- Distracted Driving
- Drunk Driving
- Failure to Yield
- Road Hazards/Defects
- Inexperienced Operators
These factors are among the most common causes of accidents, but there are many variables that can increase the risk of accidents and injuries.
Motorcycle Accident Injuries
As we mentioned before, motorcyclists and their passengers are more vulnerable to accidents and injuries because there are no seat belts, no metal frames, and no air bags offering protection. As a result, injuries may be more severe or catastrophic. Motorcycle accidents often result in serious injuries, such as:
- Bone fractures or breaks
- Traumatic brain injuries (TBI)
- Spinal cord injuries
- Injuries to the knees, ankles, or legs
- Neck and shoulder injuries
- Cuts and abrasions
These serious injuries may require extensive medical care, rehabilitation, and in some cases may be permanently disabling. If you are injured in a serious accident, you may also have a great deal of stress and emotional trauma to manage as you heal. All of these factors can combine to make a very expensive, ongoing situation that can impact your entire family.
How to Protect Yourself While Riding a Motorcycle
One of the best ways to reduce the risk of serious injury or death is by wearing proper gear while riding a motorcycle. For example, wearing a helmet can reduce the risk of fatal injuries by as much as 29 percent. Proper helmet use can also reduce the risk of traumatic brain injuries (TBI) by as much as 67 percent.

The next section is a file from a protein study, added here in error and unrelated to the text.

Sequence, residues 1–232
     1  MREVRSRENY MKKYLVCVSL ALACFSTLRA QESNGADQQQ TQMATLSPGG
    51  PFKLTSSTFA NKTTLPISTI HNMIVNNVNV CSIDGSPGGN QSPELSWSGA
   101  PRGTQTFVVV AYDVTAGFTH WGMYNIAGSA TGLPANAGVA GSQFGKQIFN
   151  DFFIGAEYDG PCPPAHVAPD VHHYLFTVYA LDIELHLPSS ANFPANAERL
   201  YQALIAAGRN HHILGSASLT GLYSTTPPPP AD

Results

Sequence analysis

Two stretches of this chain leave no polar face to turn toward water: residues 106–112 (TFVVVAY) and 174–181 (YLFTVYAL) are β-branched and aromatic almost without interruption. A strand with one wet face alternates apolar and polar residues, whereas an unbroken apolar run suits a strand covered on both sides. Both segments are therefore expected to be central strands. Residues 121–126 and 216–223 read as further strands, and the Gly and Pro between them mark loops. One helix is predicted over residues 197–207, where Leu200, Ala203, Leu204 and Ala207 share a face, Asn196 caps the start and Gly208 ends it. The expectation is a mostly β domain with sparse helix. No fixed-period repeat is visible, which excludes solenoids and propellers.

Wearing proper safety gear can also help to prevent injuries. Wearing leather pants or chaps and a jacket helps to protect your skin. Wearing proper boots or shoes can protect your feet and ankles and prevent burns or “road rash”. Protecting your body and skin is incredibly important.
One of the most common contributors to motorcycle accidents is a lack of visibility. Unlike large, bulky vehicles, motorcycles can be difficult to spot, especially from a distance or when it is dark. Motorcyclists can take precautions to make themselves more visible, such as wearing reflective gear, using pulsating headlights, and ensuring that all signals are working properly.
It is important to always drive safely and obey the rules of the road. Yes, motorcycles are compact and fast, but making unsafe choices for the sake of speed or timeliness is not worth the risk to you, your passengers, or other drivers.